Cinephiles in the city consider the New York Film Festival to be the start of the most wonderful time of the year: awards season. More than 30 flicks from around the globe are making their New York (and sometimes world) premieres from September 28 to October 14, just in time for film experts and critics to start drafting their “best of 2018” lists. Industry buzz coming from Lincoln Center often makes or breaks Oscar chances—or, perhaps, your film fantasy league team.
We’ll admit, scanning the lineup might be a little intimidating. Aside from the main slate, programming for the 56th edition includes sections devoted to documentaries, avant-garde narratives, digitally remastered classics, talks with some of the industry’s finest, and tributes to the dearly departed. We’ve curated a list of must-sees during NYFF that will keep you plenty occupied while you mourn the death of your MoviePass subscription.
A Film Almost Five Decades in the Making
The story behind Orson Welles’s final film, The Other Side of the Wind, is legendary. Here’s the TL;DR version: Shooting began in 1970, but fluctuating funding and constant script changes prevented the mockumentary from wrapping up until six years later. Further legal issues and Welles’s passing kept the troubled film in the vault until 1998, when his collaborators decided to finally finish what he started. Needless to say, we think it’ll be worth the 48-year wait. Welles-heads will want to catch the September 29 screening, as a showing of Oscar-winning filmmaker Morgan Neville’s doc on the long-anticipated film, They’ll Love Me When I’m Dead, will screen before Wind. (And for super Welles fans: Chicago-based journalist Josh Karp wrote a great book on the flick!)
A South Korean Thriller Almost as Terrifying as Kim Jong-un
Straight from South Korea is an expanded version of Haruki Murakami’s 1992 short for The New Yorker, Burning. The thriller tackles classism in the form of a romantic love triangle between the narrator (Yoo Ah-in), his childhood friend (Jun Jong-seo), and her mysterious boyfriend with questionable motives (Steven Yeun). Already praised for its “auteur filmmaking,” Burning also won the coveted Fipresci Award at the Cannes Film Festival earlier this year.
Naughty Period Pieces Are Our Favourite
Yorgos Lanthimos is a master of reinvention. He’s directed dystopian love stories and psychological family dramas, and now he’s ready to tackle costume drama with The Favourite. The bawdy comedy takes place in 18th-century England, as a duchess (Rachel Weisz) and her lowly maid (Emma Stone) try to take the throne from the frail Queen Anne (Olivia Colman). As one would suspect, there are some twisted turns along the way.
This Is the End, According to Godard
Famed French director Jean-Luc Godard examines endings in the U.S. premiere of his latest film, The Image Book: the end of individualistic cinema, the end of his life, and possibly the end of the world. Blunt film editing, frenetic jump cuts, stark sound cues, and a mosaic of preexisting clips showcase the horrors coming from every corner of the earth. In a bewildering fashion, Godard emphasizes that, yes, we’re all doomed.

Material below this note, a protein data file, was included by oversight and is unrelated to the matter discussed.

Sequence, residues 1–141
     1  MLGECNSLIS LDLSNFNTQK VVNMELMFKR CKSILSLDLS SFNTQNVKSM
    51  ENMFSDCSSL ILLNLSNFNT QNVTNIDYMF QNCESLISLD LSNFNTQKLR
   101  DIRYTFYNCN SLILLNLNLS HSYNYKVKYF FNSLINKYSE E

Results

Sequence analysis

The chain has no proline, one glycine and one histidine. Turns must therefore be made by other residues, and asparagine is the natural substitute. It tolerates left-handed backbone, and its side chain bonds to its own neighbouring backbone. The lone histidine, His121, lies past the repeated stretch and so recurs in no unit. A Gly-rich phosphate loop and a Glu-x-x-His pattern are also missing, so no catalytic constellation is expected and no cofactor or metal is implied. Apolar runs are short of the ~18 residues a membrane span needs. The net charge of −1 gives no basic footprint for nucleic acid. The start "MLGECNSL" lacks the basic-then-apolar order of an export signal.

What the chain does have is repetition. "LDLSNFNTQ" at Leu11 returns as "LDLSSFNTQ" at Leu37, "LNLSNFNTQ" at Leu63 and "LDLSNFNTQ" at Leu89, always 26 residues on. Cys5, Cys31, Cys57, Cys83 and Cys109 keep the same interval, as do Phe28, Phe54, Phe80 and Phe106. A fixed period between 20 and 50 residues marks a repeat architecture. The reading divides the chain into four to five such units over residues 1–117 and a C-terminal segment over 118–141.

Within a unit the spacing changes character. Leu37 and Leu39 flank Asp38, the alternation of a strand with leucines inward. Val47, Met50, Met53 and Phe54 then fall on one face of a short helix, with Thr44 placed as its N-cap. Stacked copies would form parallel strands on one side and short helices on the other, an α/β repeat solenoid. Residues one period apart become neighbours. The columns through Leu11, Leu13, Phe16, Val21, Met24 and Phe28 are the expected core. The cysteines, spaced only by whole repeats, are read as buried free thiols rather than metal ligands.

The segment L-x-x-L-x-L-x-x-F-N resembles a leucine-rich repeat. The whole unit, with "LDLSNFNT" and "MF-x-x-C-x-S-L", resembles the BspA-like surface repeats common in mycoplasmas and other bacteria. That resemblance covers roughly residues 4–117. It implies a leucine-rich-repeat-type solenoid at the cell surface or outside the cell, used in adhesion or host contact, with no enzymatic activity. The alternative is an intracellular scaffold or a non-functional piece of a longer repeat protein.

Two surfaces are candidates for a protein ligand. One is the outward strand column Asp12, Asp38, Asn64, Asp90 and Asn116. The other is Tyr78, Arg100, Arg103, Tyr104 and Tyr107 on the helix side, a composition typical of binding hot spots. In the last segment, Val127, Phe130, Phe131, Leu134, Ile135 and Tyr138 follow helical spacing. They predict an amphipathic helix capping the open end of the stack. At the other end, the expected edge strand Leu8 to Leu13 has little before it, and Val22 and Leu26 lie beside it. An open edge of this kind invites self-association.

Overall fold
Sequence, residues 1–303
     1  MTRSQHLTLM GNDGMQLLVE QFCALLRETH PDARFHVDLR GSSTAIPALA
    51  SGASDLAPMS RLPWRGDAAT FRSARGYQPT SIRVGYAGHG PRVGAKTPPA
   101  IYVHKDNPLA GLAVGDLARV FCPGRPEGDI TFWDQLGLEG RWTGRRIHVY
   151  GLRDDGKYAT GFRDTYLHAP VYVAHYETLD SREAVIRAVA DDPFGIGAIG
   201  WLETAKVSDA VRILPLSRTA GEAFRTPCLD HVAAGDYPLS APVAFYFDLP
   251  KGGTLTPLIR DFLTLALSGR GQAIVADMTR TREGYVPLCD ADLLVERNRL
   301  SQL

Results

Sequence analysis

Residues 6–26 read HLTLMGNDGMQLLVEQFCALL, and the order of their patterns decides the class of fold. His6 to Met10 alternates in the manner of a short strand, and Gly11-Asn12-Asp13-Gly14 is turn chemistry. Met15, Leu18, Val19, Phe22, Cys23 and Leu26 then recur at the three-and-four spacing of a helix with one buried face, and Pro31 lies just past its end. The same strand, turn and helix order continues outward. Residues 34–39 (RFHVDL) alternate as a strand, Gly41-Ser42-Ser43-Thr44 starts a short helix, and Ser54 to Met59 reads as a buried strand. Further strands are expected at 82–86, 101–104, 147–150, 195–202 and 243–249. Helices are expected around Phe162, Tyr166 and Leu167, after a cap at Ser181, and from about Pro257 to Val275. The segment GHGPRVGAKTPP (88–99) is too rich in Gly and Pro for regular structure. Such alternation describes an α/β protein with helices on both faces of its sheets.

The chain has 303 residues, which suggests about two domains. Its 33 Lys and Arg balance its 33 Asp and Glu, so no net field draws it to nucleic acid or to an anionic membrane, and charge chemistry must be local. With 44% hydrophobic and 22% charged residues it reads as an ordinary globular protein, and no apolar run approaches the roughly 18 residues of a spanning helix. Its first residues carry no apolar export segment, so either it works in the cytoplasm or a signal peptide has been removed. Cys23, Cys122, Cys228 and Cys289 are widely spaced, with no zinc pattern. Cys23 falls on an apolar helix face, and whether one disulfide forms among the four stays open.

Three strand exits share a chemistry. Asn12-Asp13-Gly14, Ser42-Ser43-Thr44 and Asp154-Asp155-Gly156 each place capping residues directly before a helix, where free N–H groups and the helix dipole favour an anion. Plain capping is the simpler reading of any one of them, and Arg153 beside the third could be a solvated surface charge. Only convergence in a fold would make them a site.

Barry Jenkins and James Baldwin Make a Perfect Pairing
How could Barry Jenkins top the modern masterpiece that is Moonlight? For starters, by tackling an underrated classic from literary icon James Baldwin, If Beale Street Could Talk. A breakthrough cast, warmly colorful cinematography, and a timely look into the justice system has this story of star-crossed lovers on everyone’s minds. It also doesn’t hurt that Jenkins’s follow-up is making its U.S. premiere in the neighborhood in which the story is set: Harlem.
A 76-Minute Look at Your Face
Taiwanese director Tsai Ming-liang approaches aging from a minimalist standpoint in his latest experimental cinematic work, Your Face. The dozen subjects featured aren’t given prompts or cues throughout the 76-minute piece. Instead, Ming-liang highlights only their faces and the natural movements and sounds they make. It’s an intimacy that may discomfort most, but it allows the elderly to take center stage in a quietly beautiful manner.
A View of Cuarón’s Childhood
Roma is already being called a masterpiece after its premieres at the Venice and Telluride film festivals, so you’ll want to see Alfonso Cuarón’s latest work on the big screen. Set in 1970s Mexico City, Roma is the director’s autobiographical tribute to his youth and the woman who raised him all those years ago. Want an insider’s guide to his artistic process? Cuarón is also partaking in a sit-down conversation on October 2 that’s free and open to the public.
One Last Ride With Bill Cunningham
We’re still missing the Man in the Blue Jacket two years after his passing. At least now there’s a new documentary, narrated by fellow famous New Yorker Sarah Jessica Parker, to fill the bicycle-shaped void in our hearts. Including long-unseen photos from his pre–New York Times days and a rare 1994 interview, The Times of Bill Cunningham is bound to be a touching goodbye to the legendary street photographer.
Mind-Bending the Neo-Noir Genre
One of the most ambitious flicks coming out of NYFF this year is Long Day’s Journey Into Night from budding Chinese director Bi Gan. His exploration into one’s broken psyche is told in two parts: one an art-house retelling of love lost, and the other a nocturnal labyrinth with a long-form, three-dimensional dream sequence that defies gravity. Gan’s genre-bending take on the neo-noir style is certainly aiming to be like nothing you’ve ever seen before.